The representation of women in the public service has increased dramatically over the past 25 years, but the same cannot be said of the private sector and the academy.
His letter comes just a day after International Women’s Day.
Empowering women is one of South Africa’s priorities with its year-long African Union presidency recently begun, Ramaphosa says.
Economic inclusiveness is important in enabling gender equality, but more importantly, it can play a major role in improving women’s quality of life.
See full statement below:
Dear Fellow South African,
It is a quarter of a century since the world came together in Beijing for the landmark Fourth UN World Conference on Women, which adopted a far-reaching platform for action for the emancipation of women.
That was a historic moment that changed the global struggle for women’s rights and gender equality. But the question we must now ask is what progress have we made in the last 25 years?
As we celebrated International Women’s Day yesterday, we had to reflect on whether the lives of the women of the world have improved. Are we closer to ending patriarchy and achieving gender equality?
Here in South Africa, progress has been uneven.
We have made significant advances in improving the lives of our country’s women in the social, political and economic spheres. We have advanced the rights of women and improved their representation in nearly all spheres.
We have implemented policies and programmes to give practical expression to the rights of women and girls to education, to reproductive health care, to basic services, and to social support. We have several gender-responsive laws around reproductive health, sexual orientation, access to justice, customary law, and protection against domestic and sexual violence.
But vast discrepancies exist between the protection these laws offer and what women experience.
In South Africa, as in many other parts of the world, women continue to bear the brunt of poverty and unemployment. They are less likely to own a business, less likely to be employed, less likely to be promoted.
While the representation of women in the public service has increased dramatically over the last 25 years, we have not seen similar progress in business or academia. There are some areas where we have gone backwards; for example, nearly all directors-general in national government are men. This highlights the fact that there is still a long journey ahead, and that the gains we make can be undone unless we are vigilant and focused.
As South Africa assumed the chairship of the African Union last month, we placed the empowerment women firmly on the agenda of our continental body. In particular, we will dedicate this year to the economic and financial inclusion of African women.
During our term, we will work with other AU members states on a range of measures, such as increasing the percentage of state procurement that goes to women, and encouraging member states to reduce barriers to entry for women-owned businesses. We will work to ensure that women benefit from the opportunities that will be created by the African Continental Free Trade Area, which comes into operation this year.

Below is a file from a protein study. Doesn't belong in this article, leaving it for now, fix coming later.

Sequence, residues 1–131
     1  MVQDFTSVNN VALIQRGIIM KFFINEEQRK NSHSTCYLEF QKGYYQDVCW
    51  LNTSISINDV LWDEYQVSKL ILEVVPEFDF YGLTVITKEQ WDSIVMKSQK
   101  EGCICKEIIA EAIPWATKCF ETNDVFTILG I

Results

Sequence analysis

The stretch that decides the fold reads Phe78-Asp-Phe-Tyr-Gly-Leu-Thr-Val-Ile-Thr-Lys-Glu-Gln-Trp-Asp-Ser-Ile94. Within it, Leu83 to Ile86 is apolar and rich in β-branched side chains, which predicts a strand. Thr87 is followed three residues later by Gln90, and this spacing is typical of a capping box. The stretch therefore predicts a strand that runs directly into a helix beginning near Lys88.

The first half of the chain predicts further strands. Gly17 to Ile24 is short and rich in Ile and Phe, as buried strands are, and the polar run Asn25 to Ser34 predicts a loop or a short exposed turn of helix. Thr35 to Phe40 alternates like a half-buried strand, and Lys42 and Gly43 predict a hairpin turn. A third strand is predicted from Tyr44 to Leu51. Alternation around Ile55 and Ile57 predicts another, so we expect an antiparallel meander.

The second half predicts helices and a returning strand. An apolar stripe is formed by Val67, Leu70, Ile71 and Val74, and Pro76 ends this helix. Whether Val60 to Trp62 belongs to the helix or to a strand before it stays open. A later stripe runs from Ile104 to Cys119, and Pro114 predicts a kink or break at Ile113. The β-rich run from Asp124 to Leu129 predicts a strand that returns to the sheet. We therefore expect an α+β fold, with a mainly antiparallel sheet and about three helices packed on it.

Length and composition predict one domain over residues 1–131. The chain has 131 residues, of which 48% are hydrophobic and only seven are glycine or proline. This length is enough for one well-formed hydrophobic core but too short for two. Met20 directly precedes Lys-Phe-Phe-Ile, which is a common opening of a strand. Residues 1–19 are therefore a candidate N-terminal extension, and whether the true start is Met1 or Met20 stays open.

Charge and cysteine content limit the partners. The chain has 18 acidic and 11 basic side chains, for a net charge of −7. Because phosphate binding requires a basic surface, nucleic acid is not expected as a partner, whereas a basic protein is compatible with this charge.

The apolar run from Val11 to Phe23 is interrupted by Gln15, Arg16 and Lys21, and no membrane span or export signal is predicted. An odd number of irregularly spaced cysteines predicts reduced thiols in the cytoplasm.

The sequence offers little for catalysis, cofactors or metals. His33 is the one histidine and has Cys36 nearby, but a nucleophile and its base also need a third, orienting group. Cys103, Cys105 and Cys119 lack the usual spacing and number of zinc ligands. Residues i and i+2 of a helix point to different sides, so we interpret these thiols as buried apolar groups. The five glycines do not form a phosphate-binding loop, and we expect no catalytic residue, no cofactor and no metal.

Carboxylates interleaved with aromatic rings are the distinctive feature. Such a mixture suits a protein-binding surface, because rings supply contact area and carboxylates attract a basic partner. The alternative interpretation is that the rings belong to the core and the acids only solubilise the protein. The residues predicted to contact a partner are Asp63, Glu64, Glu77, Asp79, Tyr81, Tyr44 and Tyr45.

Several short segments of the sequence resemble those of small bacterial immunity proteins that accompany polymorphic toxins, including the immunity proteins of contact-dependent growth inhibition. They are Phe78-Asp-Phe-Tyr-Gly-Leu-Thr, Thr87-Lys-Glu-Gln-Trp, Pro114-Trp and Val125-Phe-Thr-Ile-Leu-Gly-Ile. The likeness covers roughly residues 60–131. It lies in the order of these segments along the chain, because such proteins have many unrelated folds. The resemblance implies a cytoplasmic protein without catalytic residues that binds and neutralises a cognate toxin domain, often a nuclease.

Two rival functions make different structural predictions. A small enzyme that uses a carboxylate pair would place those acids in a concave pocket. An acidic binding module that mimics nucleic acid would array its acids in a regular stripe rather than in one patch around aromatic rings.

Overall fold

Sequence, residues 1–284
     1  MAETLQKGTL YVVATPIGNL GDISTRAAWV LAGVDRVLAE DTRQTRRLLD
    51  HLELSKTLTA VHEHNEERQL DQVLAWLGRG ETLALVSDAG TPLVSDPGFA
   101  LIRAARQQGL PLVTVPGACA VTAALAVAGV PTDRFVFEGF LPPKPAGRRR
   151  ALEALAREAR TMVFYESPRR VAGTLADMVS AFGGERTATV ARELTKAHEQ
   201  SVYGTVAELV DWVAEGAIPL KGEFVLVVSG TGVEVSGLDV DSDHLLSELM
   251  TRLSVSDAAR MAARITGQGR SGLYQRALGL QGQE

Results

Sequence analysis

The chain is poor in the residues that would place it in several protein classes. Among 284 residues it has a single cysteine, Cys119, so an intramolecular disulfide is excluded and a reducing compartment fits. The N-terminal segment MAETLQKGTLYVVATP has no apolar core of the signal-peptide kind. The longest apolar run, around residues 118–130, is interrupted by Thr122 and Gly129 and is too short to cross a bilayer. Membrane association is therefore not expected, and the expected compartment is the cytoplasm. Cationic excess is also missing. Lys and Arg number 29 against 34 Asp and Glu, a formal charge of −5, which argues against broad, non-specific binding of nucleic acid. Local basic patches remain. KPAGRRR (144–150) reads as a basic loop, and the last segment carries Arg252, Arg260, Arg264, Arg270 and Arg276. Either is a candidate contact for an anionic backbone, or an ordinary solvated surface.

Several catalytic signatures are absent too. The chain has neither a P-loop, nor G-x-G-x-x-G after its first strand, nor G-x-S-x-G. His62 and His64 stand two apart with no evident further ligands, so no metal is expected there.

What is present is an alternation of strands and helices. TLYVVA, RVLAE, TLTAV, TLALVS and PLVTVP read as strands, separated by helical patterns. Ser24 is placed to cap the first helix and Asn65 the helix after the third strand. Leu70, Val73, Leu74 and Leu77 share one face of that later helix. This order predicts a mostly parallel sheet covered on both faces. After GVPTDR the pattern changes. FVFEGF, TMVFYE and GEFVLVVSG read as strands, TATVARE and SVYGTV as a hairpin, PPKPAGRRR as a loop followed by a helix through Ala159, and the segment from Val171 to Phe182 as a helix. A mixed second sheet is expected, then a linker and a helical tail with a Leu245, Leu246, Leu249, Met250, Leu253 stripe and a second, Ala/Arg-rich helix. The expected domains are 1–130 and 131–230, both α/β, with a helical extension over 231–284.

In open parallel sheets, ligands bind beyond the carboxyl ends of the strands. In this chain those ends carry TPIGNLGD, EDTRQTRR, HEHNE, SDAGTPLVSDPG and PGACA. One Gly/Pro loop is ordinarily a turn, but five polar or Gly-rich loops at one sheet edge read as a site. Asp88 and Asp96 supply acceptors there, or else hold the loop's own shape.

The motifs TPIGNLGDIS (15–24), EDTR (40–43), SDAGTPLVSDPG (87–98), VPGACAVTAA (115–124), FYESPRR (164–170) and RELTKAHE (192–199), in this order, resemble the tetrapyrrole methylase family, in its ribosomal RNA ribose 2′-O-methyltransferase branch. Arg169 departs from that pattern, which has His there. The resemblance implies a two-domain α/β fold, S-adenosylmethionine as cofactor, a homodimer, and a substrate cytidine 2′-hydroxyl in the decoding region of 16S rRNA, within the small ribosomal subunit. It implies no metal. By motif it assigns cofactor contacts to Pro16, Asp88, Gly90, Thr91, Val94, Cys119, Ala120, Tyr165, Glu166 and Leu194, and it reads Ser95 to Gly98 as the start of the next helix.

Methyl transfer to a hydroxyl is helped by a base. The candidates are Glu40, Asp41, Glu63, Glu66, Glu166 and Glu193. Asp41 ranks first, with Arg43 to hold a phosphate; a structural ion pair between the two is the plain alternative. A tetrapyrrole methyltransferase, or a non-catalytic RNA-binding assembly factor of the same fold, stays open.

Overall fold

Economic inclusion is essential not only for advancing gender equality, but in fundamentally changing the living conditions of women. It enables them to take greater control over their lives. It also makes them less vulnerable to violence, abuse and exploitation.
The empowerment of women also means that we need to end all forms of violence perpetrated by men against women. We are urging AU member states to ratify the ILO Convention on Violence and Harassment in the Workplace, to work to repeal discriminatory laws within five years, and standardise responses to gender-based violence.
Our efforts on the continent must start at home. We need to urgently address the continued economic marginalisation of South African women and their vulnerability to gender-based violence.
It is six months since we began implementing the Emergency Response Plan to combat gender-based violence. Though there has been demonstrable progress in key areas such as access to justice and support for victims, women and girls continue to die at the hands of men.
We must use this year to consolidate our work around ending gender-based violence and urgently address deficiencies and shortcomings. We must address with equal vigour the issue of economic opportunities for women. We must strengthen existing mechanisms and frameworks to support women in economic activity, and ensure that new pathways are opened up.
The women of South Africa and of the continent must be liberated from the shackles of patriarchy and oppression, but most of all they must be given the means to improve their material condition.
It is only when women have their own means, when they can earn their own income, when they have assets to call their own, when they have skills and capabilities, then they are able to fully control their destinies.
When we empower women in our society, what we are in effect doing, is to raise incomes and standards of living, alleviate poverty and build more stable communities. By unleashing the economic potential of women, we are unleashing the potential of our economies to grow and benefit all.
Investing in women’s economic empowerment sets a direct path towards gender equality, poverty eradication and inclusive economic growth. Women make enormous contributions to economies, whether in businesses, on farms, as entrepreneurs or employees or by doing unpaid care work at home. We need to ensure that they realise the full benefit of their contributions.
An entire generation has been born and grown to adulthood since the Beijing conference 25 years ago. We cannot wait another quarter century before we achieve gender equality. Let us make this the generation that achieves equality, empowerment and emancipation.
With best wishes,